It is not as simple as it is beautifully portrayed in the book: the business of remembering is toying with us as time goes by. And more than that, as Boum shows, remembering is largely controlled by governments and their agencies, like in independent Morocco, as well as in Israeli textbooks.
Courageous anthropological studies like Boum’s act as freedom fighters of memory, liberating these precious stories before they disappear with their carriers. Hajj Muhammad, an over-ninety-year-old “village historian,” was one of several individuals to offer Boum such precious and illustrative stories. He provided detailed, valuable information, like how Muslims protected their Jewish neighbors in a particular village, and, more importantly, how other villages respected that relationship (p. 60). Hajj Muhammad also recalled the role of the Jews as transporters (on mules and donkeys) of news and goods from village to village (p. 60).
I was born in Morocco. My family is from the Tafilalet region northeast of Akka, by the Algerian border. As a young immigrant in Israel, my father’s longing for his community was vivid and present in our daily life; his rejection by his so-called “Jewish brothers” from Europe had sent him right back to his Moroccan memories. He felt, as he described to me many times, the burden and duty to salvage the memories of the elders of our tribe. The feeling led him to write a book, The Terror of the Dream, about his home village Gourrama and the surrounding region. When reading Boum’s book, I was reminded of my father’s stories—I wished my father could read English. (When is the French coming out?) For that reason I loved the detailed storytelling of this book. At times I felt like I was reading a novel; it seemed the only way to tell this story, counter to historical/archival accounts, which never serve biological memory, but rather disturb it.
You will not find in Israeli textbooks the type of sad memory told by Ali, Boum’s ninety-year-old guide, about the Jews of the Sous valley: “Look around you: the only thing left of the Jews today is their deserted and decaying buildings. Their shops are closed. Their houses are mostly unoccupied. The only reminder of their presence is their cemeteries. Their tombs remind us of a Jewish time and place. It is as if Tagadirt is a factory that closed, leaving thousands unemployed and without salaries. I wish the Jews had never left. They added yeast to this economy” (p. 14).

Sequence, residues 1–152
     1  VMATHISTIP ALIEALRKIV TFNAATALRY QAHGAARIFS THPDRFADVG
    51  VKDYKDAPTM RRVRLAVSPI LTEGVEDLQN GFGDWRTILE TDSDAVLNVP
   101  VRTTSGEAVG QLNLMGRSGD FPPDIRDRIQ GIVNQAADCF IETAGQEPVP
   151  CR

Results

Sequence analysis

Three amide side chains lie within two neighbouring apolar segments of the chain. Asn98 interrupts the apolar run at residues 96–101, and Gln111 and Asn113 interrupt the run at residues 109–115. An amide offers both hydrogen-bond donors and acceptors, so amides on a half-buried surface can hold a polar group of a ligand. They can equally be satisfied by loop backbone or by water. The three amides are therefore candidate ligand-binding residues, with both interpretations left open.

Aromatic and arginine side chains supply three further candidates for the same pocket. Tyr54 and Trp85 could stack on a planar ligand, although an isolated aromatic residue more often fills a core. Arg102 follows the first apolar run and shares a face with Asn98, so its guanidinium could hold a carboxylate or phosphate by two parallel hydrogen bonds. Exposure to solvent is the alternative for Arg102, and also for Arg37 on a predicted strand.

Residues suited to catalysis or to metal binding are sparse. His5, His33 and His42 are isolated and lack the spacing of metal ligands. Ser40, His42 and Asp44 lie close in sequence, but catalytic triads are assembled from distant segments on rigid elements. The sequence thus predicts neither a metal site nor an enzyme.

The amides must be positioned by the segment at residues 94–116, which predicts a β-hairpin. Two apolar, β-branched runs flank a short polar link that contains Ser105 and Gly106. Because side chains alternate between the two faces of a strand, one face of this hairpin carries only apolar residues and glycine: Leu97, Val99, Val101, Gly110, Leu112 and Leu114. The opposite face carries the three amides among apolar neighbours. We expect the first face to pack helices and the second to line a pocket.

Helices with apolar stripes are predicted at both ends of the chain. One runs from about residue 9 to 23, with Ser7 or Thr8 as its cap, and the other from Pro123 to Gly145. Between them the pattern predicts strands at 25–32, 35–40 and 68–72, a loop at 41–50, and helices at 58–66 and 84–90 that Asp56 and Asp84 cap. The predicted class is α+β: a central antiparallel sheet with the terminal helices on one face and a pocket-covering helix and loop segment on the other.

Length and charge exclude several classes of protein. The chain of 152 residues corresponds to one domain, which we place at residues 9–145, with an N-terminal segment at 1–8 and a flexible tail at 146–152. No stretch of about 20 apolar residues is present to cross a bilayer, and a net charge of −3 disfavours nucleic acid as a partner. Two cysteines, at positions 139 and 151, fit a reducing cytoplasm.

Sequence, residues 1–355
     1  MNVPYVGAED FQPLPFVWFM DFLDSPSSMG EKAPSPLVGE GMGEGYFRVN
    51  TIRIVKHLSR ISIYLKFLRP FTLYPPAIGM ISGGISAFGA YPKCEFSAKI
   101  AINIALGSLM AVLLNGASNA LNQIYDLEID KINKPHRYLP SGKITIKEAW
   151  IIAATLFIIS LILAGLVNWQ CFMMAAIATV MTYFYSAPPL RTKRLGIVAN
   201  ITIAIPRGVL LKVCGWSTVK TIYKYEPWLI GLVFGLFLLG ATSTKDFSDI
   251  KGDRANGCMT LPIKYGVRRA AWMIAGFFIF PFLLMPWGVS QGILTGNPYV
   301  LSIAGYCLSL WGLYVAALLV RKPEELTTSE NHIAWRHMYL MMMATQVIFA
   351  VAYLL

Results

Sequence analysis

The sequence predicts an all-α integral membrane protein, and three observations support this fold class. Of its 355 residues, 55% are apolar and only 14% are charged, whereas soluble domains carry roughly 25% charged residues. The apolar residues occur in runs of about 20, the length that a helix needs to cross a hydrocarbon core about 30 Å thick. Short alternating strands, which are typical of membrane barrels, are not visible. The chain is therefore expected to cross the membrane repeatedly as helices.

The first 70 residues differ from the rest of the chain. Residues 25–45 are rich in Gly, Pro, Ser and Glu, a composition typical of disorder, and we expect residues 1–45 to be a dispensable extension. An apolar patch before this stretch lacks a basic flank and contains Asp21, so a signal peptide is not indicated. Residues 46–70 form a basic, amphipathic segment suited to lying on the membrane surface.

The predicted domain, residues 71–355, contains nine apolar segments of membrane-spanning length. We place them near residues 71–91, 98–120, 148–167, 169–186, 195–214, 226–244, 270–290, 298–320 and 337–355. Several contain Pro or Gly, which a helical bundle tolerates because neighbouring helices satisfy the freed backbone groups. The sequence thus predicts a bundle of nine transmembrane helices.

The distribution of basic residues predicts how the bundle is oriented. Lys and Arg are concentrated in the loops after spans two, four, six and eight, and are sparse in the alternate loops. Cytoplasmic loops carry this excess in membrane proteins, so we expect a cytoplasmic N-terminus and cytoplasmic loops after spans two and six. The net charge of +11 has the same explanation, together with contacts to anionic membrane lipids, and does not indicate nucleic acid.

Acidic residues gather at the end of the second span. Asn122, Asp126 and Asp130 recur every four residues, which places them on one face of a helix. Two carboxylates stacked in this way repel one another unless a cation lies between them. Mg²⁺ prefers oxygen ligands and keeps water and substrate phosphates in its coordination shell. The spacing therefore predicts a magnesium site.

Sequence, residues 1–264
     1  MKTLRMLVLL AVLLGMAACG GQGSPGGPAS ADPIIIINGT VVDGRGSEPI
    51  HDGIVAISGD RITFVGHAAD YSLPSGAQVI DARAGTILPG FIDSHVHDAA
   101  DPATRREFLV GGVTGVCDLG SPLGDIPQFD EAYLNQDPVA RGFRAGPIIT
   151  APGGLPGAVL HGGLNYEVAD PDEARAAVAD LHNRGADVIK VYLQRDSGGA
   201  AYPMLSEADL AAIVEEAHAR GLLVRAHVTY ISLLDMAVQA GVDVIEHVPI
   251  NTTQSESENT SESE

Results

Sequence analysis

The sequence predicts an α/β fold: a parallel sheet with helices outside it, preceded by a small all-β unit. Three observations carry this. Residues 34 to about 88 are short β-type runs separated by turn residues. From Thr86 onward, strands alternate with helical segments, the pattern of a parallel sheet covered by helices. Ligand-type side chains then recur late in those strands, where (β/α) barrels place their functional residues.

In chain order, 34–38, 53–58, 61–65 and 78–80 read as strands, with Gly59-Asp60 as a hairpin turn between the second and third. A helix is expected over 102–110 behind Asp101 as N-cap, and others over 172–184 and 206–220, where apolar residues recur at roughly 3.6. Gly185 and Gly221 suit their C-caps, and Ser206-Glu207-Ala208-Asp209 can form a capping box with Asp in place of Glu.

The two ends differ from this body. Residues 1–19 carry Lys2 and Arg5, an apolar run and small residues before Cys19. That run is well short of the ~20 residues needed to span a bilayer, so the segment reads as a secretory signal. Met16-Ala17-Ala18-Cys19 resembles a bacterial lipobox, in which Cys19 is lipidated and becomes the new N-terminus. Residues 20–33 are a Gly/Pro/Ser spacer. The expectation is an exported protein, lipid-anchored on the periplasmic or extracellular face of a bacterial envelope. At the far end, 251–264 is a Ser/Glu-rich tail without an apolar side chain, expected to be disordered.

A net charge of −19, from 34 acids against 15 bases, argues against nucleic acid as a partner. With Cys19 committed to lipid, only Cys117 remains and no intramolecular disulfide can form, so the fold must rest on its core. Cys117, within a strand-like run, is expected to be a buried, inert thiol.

There are so many accounts like this portrayed in the book, on different eras of Jewish life in Morocco. These include the era of the Moroccan struggle for independence, a struggle sometimes painted in religious colors to better recruit the people, and the years of the 1947–49 war in Palestine. In both cases, Boum relays memories that show a national gap opening in Morocco. Moroccan Jews remember and the Muslims in this book remember. Their accounts of stereotypes and growing hatred toward Jews and Christians are all attributed to the ever-fueling Israel-Palestinian conflict—or to be more exact, the occupation of Palestinian land and the oppression of its people. As Boum depicts in his book, very few Muslims in Morocco are dedicated today to interfaith dialogue—trying through museums, festivals and publications, to step into the void of knowledge about the Jews of Morocco—and that gives way to ignorance.